David Bourget (Western Ontario)
David Chalmers (ANU, NYU)
Rafael De Clercq
Jack Alan Reynolds
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Inquiry 40 (1):47 – 61 (1997)
A weak and a strong version of discourse theory can be distinguished. In the strong version the only source of normative validity in the nonspecific sense is rational consensus, where all parties concerned accept a norm for the same reasons, which are rationally convincing in the same way for all. In the weak version both rational and overlapping consensus can be sources of validity in the nonspecific sense. It is argued that the weak version is the more adequate, since it can accommodate cases which the strong version cannot, and which it is unreasonable to view as cases of compromise. Discourse theory needs a weaker general discourse principle and a more flexible notion of normative consensus than is found in Habermas's Between Facts and Norms (1996).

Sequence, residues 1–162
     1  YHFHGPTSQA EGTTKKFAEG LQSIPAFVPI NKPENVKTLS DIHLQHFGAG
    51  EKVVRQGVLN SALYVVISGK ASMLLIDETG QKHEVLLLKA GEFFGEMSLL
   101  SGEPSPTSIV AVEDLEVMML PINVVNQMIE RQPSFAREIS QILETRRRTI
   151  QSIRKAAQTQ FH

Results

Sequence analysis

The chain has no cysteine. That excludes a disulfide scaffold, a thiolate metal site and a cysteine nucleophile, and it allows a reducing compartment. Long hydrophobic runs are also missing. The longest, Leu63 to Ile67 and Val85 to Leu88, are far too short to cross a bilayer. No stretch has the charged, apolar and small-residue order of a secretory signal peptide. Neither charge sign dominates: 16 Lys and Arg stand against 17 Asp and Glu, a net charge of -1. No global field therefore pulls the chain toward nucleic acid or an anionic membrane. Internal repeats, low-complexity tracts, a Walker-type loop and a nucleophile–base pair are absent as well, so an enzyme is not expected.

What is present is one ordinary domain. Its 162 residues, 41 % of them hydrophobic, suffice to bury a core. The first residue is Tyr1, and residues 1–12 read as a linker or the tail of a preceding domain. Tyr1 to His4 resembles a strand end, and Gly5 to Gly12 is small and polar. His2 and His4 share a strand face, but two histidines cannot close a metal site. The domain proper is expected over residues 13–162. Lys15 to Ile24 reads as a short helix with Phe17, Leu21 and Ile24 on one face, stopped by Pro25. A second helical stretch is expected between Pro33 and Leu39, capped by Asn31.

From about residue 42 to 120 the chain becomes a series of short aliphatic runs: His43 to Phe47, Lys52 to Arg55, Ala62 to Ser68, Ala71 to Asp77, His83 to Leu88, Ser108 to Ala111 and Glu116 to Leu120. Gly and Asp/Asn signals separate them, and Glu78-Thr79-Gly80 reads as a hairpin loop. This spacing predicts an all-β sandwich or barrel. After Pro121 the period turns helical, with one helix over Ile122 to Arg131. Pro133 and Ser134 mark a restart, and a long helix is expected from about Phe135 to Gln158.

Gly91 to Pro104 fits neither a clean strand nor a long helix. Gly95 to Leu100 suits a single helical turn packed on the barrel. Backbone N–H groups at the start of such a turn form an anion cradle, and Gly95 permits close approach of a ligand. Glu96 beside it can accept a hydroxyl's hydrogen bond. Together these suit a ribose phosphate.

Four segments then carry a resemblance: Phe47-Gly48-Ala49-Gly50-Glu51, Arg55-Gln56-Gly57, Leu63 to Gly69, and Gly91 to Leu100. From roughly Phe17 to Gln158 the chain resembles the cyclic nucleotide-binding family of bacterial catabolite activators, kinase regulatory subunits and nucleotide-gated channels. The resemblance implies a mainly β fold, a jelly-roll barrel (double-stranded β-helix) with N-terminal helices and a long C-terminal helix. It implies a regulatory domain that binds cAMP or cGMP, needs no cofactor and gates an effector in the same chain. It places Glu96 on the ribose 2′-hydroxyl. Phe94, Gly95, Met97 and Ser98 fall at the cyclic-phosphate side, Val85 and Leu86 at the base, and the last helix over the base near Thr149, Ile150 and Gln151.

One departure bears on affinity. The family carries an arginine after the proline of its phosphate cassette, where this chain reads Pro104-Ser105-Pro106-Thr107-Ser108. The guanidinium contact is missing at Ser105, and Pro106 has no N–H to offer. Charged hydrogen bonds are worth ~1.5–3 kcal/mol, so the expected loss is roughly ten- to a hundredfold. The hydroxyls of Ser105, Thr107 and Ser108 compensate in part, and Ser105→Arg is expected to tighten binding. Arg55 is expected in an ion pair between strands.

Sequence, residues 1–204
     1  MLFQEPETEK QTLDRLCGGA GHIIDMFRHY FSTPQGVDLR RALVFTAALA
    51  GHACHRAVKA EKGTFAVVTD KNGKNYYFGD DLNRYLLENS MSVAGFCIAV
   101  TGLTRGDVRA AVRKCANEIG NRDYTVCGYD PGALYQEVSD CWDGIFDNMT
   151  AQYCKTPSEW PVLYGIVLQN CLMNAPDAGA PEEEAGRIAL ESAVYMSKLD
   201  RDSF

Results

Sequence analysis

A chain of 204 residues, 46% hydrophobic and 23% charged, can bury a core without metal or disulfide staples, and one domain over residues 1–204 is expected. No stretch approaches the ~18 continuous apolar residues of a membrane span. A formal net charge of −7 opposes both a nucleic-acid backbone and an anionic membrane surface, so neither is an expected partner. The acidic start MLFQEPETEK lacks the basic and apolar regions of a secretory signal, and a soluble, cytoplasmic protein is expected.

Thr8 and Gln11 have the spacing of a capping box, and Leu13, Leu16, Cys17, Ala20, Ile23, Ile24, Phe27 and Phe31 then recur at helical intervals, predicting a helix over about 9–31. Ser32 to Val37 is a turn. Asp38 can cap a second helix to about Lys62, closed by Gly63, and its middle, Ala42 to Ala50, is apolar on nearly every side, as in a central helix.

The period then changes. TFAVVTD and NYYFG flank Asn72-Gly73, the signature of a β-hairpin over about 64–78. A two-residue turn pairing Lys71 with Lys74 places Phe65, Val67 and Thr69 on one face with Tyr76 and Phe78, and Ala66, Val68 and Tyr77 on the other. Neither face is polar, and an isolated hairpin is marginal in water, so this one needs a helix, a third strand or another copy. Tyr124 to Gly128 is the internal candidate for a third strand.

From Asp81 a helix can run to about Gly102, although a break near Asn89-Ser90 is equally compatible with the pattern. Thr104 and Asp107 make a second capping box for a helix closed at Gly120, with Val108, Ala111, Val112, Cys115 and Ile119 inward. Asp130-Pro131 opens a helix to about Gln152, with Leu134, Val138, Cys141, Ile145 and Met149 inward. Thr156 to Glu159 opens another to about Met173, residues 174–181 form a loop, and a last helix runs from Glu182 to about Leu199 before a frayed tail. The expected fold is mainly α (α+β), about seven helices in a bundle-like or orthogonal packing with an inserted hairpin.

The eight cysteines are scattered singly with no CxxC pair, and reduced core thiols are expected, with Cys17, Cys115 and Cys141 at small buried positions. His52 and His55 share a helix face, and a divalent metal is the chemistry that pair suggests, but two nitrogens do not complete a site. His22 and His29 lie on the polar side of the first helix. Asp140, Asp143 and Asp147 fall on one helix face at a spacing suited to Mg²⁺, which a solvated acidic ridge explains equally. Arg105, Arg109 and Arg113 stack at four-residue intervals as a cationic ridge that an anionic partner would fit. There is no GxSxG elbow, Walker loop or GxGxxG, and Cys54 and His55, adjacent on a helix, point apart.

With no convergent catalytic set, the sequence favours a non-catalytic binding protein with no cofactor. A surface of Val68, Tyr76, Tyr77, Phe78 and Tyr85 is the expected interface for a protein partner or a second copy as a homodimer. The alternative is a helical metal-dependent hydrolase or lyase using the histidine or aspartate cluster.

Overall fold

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References found in this work BETA
Charles Taylor (1989). Sources of the Self: The Making of the Modern Identity. Harvard University Press.
John Rawls (1993). Political Liberalism. Columbia University Press.
John Rawls (2009/2005). A Theory of Justice. In Steven M. Cahn (ed.), Philosophy and Rhetoric. Oxford University Press 133-135.
David M. Rasmussen, Jurgen Habermas, Christian Lenhardt & Shierry Weber Nicholsen (1993). Moral Consciousness and Communicative Action. Philosophical Quarterly 43 (173):571.
Jürgen Habermas (1996). Between Facts and Norms: Contributions to a Discourse Theory of Law and Democracy. Polity.
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